Input Validation

Domino developers have long used the Notes input-validation field property to validate their field data. JavaScript offers yet another method to check field data for validation.

The following example uses JavaScript for the form's onChange event, and the code is called from the JS Header . Why do it this way? Have you ever encountered a validation error and not known what field it is for? This can cause a developer much wasted time and effort searching and screening each field on the form to debug it. By placing your code in one central location, you can quickly and easily find all your input validations. This also allows you to program your error messages so that you can explicitly name the field throwing the exception.

Here's an input-validation JavaScript function placed in the JS Header on a problem report form in Domino:

//The Input Validation Function for all required fields on a form. 
function validate(){
var validatemsg;
var validateflag;
validateflag = 'false';

 if(document.forms[0].Caller.value == ''){
 validatemsg='CALLER FIELD ERROR: Please select a caller name in the caller
field on this form!';
 if(document.forms[0].Body.value == '') {
 validatemsg='BODY FIELD ERROR: Please enter details for the problem that was
 if(validateflag == 'true'){
 if(validateflag == 'false'){

This validation code steps through each field on a problem report form and checks to make sure that the required field data is filled in. If the function encounters a field in which the data is not filled in, the user is prompted by an error message indicating the field name, the problem, and the user returned to the appropriate field to correct their error. When the field passes the validation check and the validateflag variable equals false (there are no errors), the document is saved. Figure 16.18 shows what this code looks like inside the JS Header of the Designer.

Figure 16.18. The validation code in the JS Header of the Designer.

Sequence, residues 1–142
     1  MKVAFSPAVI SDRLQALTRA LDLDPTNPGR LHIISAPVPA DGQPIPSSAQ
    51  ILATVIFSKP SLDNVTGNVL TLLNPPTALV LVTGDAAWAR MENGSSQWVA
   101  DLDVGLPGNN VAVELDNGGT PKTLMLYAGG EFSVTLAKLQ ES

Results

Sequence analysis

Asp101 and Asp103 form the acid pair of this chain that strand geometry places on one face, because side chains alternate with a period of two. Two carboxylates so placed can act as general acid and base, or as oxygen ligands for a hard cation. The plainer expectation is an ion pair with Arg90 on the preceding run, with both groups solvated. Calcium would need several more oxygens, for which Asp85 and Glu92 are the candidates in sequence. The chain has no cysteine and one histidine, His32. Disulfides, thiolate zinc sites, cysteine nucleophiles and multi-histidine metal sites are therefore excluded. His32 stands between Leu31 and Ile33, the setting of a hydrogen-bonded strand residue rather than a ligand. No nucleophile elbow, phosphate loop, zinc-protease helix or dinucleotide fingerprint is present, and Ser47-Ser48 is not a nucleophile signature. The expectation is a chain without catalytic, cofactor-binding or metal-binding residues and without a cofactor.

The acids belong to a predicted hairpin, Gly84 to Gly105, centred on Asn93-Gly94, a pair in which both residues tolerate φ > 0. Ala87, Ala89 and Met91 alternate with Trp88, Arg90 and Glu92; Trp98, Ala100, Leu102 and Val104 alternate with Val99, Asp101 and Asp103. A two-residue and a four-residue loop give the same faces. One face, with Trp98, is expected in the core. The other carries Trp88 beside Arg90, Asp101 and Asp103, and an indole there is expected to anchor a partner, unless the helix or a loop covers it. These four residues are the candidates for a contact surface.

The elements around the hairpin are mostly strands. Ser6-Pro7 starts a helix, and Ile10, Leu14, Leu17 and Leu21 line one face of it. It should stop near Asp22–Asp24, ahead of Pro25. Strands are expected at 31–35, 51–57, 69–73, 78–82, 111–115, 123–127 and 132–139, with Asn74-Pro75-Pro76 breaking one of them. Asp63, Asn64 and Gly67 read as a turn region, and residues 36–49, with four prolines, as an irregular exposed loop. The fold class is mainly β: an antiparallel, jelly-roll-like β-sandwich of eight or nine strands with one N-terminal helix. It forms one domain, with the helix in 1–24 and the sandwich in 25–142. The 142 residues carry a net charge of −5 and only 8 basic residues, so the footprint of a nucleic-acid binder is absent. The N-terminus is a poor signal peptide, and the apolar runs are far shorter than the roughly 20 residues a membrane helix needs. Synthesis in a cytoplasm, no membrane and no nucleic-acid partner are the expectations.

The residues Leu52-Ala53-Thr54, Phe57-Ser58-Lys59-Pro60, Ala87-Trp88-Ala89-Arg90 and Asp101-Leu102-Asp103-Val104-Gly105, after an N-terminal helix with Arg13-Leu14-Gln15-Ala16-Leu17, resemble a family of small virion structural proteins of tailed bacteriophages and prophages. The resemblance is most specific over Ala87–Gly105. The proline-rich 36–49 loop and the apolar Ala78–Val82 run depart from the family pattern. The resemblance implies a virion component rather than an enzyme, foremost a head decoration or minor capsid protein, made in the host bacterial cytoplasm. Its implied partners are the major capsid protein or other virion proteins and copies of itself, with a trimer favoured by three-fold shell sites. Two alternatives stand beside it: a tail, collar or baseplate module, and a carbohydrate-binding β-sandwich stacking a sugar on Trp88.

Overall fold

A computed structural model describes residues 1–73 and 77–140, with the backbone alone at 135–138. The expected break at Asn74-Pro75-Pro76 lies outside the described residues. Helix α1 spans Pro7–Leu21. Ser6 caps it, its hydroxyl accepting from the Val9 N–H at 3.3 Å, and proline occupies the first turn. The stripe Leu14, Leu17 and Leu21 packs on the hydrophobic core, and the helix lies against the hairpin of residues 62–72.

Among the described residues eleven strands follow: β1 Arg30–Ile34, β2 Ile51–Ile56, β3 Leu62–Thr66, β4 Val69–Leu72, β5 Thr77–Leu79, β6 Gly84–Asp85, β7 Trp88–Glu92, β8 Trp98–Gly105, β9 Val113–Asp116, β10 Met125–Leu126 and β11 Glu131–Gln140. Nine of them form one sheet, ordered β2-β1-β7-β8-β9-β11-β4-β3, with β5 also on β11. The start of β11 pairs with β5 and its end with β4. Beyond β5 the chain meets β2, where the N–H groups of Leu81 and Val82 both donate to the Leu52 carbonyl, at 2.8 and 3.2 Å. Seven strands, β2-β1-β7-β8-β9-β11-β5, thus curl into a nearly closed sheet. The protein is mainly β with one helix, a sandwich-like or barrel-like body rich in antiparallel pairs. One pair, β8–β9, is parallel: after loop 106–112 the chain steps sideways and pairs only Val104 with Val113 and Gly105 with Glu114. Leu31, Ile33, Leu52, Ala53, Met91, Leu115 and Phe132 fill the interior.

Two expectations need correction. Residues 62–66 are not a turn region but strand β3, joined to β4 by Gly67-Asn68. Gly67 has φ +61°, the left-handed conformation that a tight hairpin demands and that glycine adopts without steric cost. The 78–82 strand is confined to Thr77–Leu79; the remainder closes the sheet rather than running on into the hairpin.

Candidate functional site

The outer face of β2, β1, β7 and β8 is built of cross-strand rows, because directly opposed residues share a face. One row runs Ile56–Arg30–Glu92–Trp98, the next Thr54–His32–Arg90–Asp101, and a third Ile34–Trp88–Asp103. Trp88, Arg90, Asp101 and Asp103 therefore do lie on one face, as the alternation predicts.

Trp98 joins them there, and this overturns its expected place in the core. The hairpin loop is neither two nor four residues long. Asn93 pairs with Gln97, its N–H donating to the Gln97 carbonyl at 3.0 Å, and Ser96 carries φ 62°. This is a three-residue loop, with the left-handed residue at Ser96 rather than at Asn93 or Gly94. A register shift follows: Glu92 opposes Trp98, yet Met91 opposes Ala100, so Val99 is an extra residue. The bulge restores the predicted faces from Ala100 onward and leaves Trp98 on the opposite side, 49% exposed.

To call the validate() function, simply place the function call in an action button or event on the form. Figure 16.19 shows a Save and Close action button along with its onClick function call in the Programmer's pane.

Figure 16.19. The Save and Close action buttons in the JS Header of the Designer.


You can also call the function in the form's onSubmit event. Either way, the fields are validated using the validate() JavaScript function.

Part I. Introduction to Release 6

Whats New in Release 6?

The Release 6 Object Store

The Integrated Development Environment

Part II. Foundations of Application Design

Forms Design

Advanced Form Design

Designing Views

Using Shared Resources in Domino Applications

Using the Page Designer

Creating Outlines

Adding Framesets to Domino Applications

Automating Your Application with Agents

Part III. Programming Domino Applications

Using the Formula Language

Real-World Examples Using the Formula Language

Writing LotusScript for Domino Applications

Real-World LotusScript Examples

Writing JavaScript for Domino Applications

Real-World JavaScript Examples

Writing Java for Domino Applications

Real-World Java Examples

Enhancing Domino Applications for the Web

Part IV. Advanced Design Topics

Accessing Data with XML

Accessing Data with DECS and DCRs

Security and Domino Applications

Creating Workflow Applications

Analyzing Domino Applications

Part V. Appendices

Appendix A. HTML Reference

Appendix B. Domino URL Reference

Lotus Notes and Domino 6 Development
Lotus Notes and Domino 6 Development (2nd Edition)
ISBN: 0672325020
EAN: 2147483647
Year: 2005
Pages: 288 © 2008-2020.
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